Fenwick Software has had long-term clients; people and companies who have been with us for many many years. Managing tasks for these clients means that at times, I work with a piece of functionality that was created years ago; sometimes by myself and sometimes by other people.
You may have heard about The Writer’s Curse—the writer is never truly happy with their creation because they can always think of a way to make it better. In the Dynamics NAV world we suffer from a similar curse called, The Developer’s Curse—we can always find a better way to do the code than the way it was done years ago. This is hard enough when looking at one’s own old code but it gets even worse when we look at the code produced by someone else.
A piece of code is good quality is if it delivers the functionality that the client expected and if it is flexible to cater for changing processes and market conditions.
Here are the things I have learned: a piece of code is good quality is if it delivers the functionality that the client expected and if it is flexible to cater for changing processes and market conditions.
We manage the first point by asking the relevant questions and documenting the requirements in our internal systems.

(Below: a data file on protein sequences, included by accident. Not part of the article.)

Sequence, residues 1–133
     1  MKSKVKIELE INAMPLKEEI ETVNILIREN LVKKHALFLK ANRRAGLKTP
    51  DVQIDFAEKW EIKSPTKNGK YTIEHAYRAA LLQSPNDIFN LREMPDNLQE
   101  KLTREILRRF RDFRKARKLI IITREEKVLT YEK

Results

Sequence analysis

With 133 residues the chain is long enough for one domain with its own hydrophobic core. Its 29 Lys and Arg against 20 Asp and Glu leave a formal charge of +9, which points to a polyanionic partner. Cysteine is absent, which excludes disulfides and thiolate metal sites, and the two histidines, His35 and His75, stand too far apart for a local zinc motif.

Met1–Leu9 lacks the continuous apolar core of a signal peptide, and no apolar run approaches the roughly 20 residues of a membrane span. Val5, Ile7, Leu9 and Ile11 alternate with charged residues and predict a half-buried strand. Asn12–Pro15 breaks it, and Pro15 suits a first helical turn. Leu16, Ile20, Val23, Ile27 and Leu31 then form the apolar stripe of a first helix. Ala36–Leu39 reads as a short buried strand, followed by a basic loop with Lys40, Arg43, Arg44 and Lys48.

We manage the second point by adding configuration parameters that control the functionality.
We also record and track all code changes by using development tools like Object Manager. This allows us to segregate each piece of functionality from others and ensures that we can go back in time.
Following these processes means that I am able to manage my Developer’s Curse and I know that the code will work for the client—not only now but also in the long term. With The Writer’s Curse, there is no turning back once a piece of work is published. Thankfully, the code always remains in the background, so if mistakes occur they can be managed as part of internal quality management processes and clients don’t even know about it and don’t have to pay for it.